Hillary Clinton decisively won today's South Carolina Democratic primary, according to multiple sources, by what election projections are calling an "overwhelming" margin. Final results are not yet in, but exit polls suggest she will secure 68 percent of the vote to Bernie Sanders's 31 percent.
That 37 percentage point margin is even better than an expected victory margin of 26 percent based on RealClearPolitics' pre-election polling average. Sanders never stood much of a shot in a state whose voters consist largely of African Americans and more conservative whites, with few of the white liberals who serve as his base.
But even accounting for the favorable demographics, this is a good result for Clinton. Most state Democratic primaries aren't as black as South Carolina, but it is more typical of the Democratic electorate than New Hampshire, where Sanders dominated. Projecting forward, Sanders simply needs to do better than this to win nationally.
Clinton is on track to win
Clinton's strength with African-American voters and South Carolina's large black population make it one of the most Clinton-favorable states in the union. Conversely, Sanders's shattering victory in New Hampshire took place in one of the most Clinton-hostile states.
To truly assess the state of the race, we need to assess the candidates' performance relative to the demographics of the states they've competed in, as well as the rest of the country. Nate Silver and the team at FiveThirtyEight help us do that by creating a demographics-based breakdown of how we would expect Clinton and Sanders to perform in each state if they tied 50-50 in a national primary. That tells us, for example, that if the race were tied, naturally we would expect Clinton to win South Carolina by 20 points — a big win, but smaller than the crushing 37 percent victory she actually scored.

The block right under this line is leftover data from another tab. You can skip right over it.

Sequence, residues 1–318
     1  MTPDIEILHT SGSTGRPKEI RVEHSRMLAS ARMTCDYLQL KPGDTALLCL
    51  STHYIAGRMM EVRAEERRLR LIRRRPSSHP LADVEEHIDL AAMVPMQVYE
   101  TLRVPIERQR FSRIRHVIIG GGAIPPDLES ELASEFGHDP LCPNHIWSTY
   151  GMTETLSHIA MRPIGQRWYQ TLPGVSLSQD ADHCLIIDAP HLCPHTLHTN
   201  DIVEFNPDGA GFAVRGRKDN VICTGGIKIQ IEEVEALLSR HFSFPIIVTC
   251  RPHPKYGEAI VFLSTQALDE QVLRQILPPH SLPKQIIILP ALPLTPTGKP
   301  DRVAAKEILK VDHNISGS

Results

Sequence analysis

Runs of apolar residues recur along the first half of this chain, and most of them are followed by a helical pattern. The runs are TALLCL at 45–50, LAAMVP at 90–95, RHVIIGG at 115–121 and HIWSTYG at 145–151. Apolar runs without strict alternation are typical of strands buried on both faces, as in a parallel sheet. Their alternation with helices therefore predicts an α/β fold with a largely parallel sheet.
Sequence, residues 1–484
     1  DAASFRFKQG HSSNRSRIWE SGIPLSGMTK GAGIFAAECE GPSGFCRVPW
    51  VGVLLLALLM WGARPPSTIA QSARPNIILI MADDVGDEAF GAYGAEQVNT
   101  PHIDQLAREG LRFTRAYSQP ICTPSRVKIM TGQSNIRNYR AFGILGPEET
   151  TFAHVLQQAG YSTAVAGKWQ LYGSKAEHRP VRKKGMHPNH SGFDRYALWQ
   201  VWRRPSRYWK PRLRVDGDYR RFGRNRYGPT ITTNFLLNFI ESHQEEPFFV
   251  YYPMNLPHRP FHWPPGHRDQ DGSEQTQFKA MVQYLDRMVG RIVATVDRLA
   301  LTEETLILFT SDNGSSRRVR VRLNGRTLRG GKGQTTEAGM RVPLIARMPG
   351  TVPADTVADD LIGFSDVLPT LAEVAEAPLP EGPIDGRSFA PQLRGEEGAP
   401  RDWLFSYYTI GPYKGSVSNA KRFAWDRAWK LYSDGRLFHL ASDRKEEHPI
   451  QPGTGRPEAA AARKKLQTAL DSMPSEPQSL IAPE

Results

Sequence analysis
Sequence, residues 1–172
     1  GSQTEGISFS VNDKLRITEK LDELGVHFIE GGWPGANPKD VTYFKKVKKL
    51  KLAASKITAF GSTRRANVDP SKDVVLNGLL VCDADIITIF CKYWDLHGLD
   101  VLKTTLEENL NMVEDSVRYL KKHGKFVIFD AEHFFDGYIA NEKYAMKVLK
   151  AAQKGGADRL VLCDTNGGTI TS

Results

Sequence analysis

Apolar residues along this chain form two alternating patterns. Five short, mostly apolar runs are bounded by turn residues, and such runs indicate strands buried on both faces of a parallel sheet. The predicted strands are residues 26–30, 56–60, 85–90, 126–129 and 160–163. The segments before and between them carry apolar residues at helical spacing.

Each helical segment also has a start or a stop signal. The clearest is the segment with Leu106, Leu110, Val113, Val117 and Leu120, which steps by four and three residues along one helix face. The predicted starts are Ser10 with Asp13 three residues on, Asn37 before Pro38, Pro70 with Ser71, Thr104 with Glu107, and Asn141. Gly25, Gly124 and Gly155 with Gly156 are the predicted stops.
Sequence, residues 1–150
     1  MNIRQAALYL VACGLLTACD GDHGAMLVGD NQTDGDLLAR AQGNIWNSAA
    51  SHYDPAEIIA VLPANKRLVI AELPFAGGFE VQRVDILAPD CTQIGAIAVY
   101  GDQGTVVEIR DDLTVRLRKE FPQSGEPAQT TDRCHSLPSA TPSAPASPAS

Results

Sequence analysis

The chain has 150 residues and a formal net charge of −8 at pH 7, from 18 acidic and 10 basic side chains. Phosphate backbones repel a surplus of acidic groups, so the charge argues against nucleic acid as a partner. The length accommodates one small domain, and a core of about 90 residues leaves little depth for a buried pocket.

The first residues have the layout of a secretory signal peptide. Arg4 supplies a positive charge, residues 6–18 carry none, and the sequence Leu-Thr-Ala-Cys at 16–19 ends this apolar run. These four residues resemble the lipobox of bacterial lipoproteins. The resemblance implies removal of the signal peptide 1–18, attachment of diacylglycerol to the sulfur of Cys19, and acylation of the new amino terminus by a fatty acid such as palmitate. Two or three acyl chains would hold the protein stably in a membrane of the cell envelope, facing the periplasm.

By this metric, Clinton has outperformed her goal in every state.
- Based on demographics alone, Iowa should have given Sanders a 19 percentage point edge. They tied.
- Based on demographics alone, New Hampshire should have given Sanders a 32-point edge. He won by 22.
- Based on demographics alone, Nevada should have been a tie. Clinton won by 5.
The moral of the story is that while Sanders is certainly doing well enough to win many states in New England and on the plains, he is losing the election — perhaps more solidly than his supporters realize.
What the exit polls say
According to updated exit polls, Sanders did manage to score a respectable 47 percent of the white vote in the South Carolina primary. But only 35 percent of South Carolina voters were white. Among the 61 percent of voters that exit polls estimate to be African-American, Clinton scored a staggering 87-13 blowout — larger than Barack Obama's margin in 2008.
As seen previously, there is also significant age polarization in the electorate, with Sanders winning 63 percent of the under-30 vote and Clinton winning 80 percent of the senior citizen vote. The problem for Sanders is that his youth advantage was restricted to very young voters, and even the 30- to 44-year-old set tilted overwhelmingly in Clinton's favor.
Super Tuesday will be tough for Sanders
Democrats go to the polls again on Tuesday when Vermont, Minnesota, Colorado, Massachusetts, Oklahoma, Tennessee, Virginia, Texas, Arkansas, Georgia, and Alabama will all vote.
Sanders can easily afford to do poorly in that long list of Southern states, but given Democrats' proportional allocation rules, he can't afford to do as poorly in Georgia, Alabama, Texas, Virginia, and Arkansas as he did in South Carolina.
What's more, given the overall demographic makeup of the Democratic Party, winning in places like Massachusetts, Vermont, Minnesota, and Colorado won't be enough. Sanders needs to win Tennessee and Oklahoma to maintain a plausible path to the nomination. There hasn't been much polling in those states yet, but the polls that have happened show Clinton in the lead.
Time is running out for the political revolution
Sanders's insurgency has performed far better than people expected. He gave Clinton a real scare, and has energized an impressively large number of young people and small donors. But after a disappointing loss in Nevada and today's big defeat in South Carolina, Sanders's political revolution is running out of time.
From the beginning, Sanders's argument has been that black and Latino voters will rally to his standard when they get to know him better and hear his message. It wasn't a crazy theory, but the theory wasn't vindicated in South Carolina as Clinton both turned out her African-American base and won black voters overwhelmingly. And as the primary calendar gets more crowded, Sanders has less opportunity to try to make it work. He was able to give South Carolina much more personal time and attention than Texas or Tennessee will get, and he has a much smaller network of high-profile surrogates he can deploy as the campaign widens out.
Tonight, the revolution is still Berning. But it may not last long.